Malaysia Airlines MH17 crash: Vladimir Putin is given 'one last chance' to end hostilities in Ukraine
Kremlin's response to Western leaders' demands is to accusing Washington of 'pushing its own agenda'
Oliver Poole is an award-winning Foreign Correspondent for the Evening Standard and Independent titles. In his career he has reported from war zones including Libya, Afghanistan, Somalia and Iraq, where he was based during the worst years of the civil war. He has written two books, "Red Zone: Five Bloody Years in Baghdad' and 'Black Knights: On the Bloody Road to Baghdad'. He was previously a Foreign Reporter for The Daily Telegraph, and has written for the BBC, Guardian, Times and South China Morning Post.
Sunday 20 July 2014
Only six months ago Vladimir Putin was ready to confirm his global eminence with the Winter Games in Sochi – an event to confirm his and his country's restored influence.
Now it appears no more than an exercise in hubris, as the West closed ranks against the Kremlin and the alleged part it played in the circumstances that led to the downing of Malaysia Airlines flight MH17.
Germany's Foreign Minister, Frank-Walter Steinmeier, said Moscow had a "last opportunity" to stop the conflict.
These sentiments were echoed by Dutch Prime Minister, Mark Rutte, having had an "extremely intense" telephone conversation with Mr Putin. He said the Russian President "has one last chance to show he means to help" over the recovery of bodies from MH17.
The German Chancellor, Angela Merkel, also called Mr Putin to urge him to use his influence to reach a ceasefire. Ms Merkel and Mr Putin agreed that the contact group of diplomats from the Organisation for Security and Cooperation in Europe, Russia and Ukraine should meet quickly and directly with the separatists to reach a truce.
"Both agreed that an international, independent commission under the leadership of the International Civil Aviation Organisation should get quick access to the crash site of the Malaysia Airlines passenger plane in east Ukraine," said a statement from Berlin. The Australian Prime Minister, Tony Abbott, declared: "We take a very dim view of countries which facilitate the killing of Australians. The idea that Russia can wash its hands of responsibility because this happened in Ukrainian airspace does not stand serious scrutiny."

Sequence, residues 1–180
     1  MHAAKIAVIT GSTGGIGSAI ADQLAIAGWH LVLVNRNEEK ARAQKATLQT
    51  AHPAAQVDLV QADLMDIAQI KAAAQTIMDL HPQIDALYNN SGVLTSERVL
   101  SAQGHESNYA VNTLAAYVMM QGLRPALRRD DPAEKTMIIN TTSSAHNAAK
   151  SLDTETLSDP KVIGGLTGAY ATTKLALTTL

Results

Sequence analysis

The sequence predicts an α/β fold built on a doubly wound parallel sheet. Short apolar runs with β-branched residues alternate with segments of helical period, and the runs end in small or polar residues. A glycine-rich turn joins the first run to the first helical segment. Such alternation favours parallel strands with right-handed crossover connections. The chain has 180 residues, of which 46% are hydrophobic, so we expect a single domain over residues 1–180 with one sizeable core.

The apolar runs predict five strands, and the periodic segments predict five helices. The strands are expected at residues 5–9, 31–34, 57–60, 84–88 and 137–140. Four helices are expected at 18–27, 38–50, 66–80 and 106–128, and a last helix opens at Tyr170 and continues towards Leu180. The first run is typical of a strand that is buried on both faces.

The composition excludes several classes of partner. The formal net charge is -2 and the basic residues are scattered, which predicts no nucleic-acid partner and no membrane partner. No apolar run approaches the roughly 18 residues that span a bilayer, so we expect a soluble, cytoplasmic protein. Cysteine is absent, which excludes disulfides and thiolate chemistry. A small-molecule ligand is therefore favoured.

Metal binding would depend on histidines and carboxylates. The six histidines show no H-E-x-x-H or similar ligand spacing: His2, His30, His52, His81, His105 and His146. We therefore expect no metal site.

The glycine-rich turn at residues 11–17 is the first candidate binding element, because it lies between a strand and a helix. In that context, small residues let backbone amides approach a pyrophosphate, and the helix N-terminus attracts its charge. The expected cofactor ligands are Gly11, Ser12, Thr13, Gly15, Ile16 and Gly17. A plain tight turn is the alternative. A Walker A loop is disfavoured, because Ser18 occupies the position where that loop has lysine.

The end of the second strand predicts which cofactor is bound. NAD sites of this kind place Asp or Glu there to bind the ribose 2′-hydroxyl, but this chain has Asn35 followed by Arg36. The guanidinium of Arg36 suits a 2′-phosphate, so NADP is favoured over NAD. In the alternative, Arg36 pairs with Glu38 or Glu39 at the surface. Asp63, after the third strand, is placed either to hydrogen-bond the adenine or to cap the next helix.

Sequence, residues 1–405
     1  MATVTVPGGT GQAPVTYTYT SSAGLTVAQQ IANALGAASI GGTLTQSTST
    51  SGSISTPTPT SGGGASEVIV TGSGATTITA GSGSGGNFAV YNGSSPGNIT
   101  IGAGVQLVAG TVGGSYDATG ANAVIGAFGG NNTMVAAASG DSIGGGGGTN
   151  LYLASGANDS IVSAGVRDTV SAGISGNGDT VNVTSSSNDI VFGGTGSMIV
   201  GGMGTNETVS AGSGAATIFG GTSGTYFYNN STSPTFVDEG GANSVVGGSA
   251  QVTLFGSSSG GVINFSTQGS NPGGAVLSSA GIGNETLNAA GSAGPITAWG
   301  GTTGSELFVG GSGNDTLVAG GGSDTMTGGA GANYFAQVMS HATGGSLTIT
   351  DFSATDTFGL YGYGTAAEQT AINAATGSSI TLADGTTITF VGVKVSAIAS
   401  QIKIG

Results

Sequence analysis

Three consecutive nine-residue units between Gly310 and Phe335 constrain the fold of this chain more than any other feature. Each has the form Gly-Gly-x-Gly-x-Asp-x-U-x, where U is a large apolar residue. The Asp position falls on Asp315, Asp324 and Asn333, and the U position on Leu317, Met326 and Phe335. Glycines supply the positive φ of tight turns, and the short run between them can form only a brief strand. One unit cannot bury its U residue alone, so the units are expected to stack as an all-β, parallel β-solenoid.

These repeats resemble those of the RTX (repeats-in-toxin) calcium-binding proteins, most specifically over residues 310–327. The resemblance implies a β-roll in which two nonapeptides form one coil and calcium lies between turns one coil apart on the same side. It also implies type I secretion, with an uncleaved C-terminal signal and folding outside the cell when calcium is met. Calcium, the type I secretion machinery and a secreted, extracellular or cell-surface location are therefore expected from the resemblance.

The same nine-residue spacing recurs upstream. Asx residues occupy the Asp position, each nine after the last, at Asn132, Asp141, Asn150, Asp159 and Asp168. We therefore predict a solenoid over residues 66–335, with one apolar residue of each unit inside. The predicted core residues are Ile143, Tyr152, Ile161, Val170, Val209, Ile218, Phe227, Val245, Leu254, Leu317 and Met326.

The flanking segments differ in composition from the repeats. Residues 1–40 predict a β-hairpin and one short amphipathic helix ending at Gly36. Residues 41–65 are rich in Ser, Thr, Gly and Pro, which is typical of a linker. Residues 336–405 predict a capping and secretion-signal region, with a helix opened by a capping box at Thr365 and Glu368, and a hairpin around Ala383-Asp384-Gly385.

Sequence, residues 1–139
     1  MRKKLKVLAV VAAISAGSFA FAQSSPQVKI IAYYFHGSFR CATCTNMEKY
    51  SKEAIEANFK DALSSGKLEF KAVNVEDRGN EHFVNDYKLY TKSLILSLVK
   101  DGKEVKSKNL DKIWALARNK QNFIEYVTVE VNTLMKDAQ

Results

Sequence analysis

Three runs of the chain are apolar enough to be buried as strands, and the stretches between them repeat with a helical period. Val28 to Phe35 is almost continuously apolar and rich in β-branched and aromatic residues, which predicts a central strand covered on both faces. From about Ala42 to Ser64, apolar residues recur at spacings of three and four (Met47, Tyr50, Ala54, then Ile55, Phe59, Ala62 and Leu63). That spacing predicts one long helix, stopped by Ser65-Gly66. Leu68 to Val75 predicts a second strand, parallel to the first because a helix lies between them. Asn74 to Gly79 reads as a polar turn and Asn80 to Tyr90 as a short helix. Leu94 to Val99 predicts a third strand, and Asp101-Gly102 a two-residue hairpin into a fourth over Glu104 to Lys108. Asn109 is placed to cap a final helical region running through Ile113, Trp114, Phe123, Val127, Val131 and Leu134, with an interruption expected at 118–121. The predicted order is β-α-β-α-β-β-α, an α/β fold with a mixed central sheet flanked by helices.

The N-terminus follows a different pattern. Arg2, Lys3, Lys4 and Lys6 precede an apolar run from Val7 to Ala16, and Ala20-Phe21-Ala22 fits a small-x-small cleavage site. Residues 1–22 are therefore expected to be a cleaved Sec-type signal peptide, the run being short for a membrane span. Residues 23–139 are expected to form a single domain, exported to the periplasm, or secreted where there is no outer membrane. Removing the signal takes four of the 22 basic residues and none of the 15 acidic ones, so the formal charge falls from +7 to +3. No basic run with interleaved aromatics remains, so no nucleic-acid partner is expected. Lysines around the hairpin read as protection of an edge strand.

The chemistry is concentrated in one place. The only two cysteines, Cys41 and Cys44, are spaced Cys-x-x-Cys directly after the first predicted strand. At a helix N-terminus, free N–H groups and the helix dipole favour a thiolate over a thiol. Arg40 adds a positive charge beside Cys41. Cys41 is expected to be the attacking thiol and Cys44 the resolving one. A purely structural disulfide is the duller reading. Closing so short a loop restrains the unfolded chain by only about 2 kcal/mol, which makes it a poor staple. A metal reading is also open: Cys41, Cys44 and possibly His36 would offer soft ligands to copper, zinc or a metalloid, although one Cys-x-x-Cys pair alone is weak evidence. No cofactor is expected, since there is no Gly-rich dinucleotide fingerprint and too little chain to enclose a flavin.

President Barack Obama had already declared the deaths of the 298 passengers "an outrage of unspeakable proportions" late on Friday night, and laid the blame directly on separatists in eastern Ukraine.
Read more: Pro-Russians accused of blocking access to site of disaster
Vital clues may have been moved, say air crash experts
EU should 'reconsider its links with Russia,' says Cameron
Comment: In war, it's the civilians who suffer most of all
Turning his sights towards Russia, Mr Obama added that the insurgents would not be capable of carrying out such an attack without Moscow's support. "We know that they are heavily armed and they are trained, and we know that that's not an accident," he said. "[It] is happening because of Russian support."
In response, the Kremlin only appeared to isolate itself further, with the Deputy Foreign Minister, Sergei Ryabkov, accusing Washington of "pushing its own agenda".
"The statements of representatives of the US administration are evidence of a deep political aberration of Washington's perception of what is going on in Ukraine," he said, before blaming the US for provoking the uprising in February that ousted Ukraine's Moscow-backed president, Victor Yanukovych.
In a seeming attempt to dampen the rhetoric, the Russian Foreign Minister, Sergei Lavrov, and the US Secretary of State, John Kerry, agreed both countries would seek to end hostilities in Ukraine and also agreed that all evidence, including flight recorders, would be handed to international investigators.
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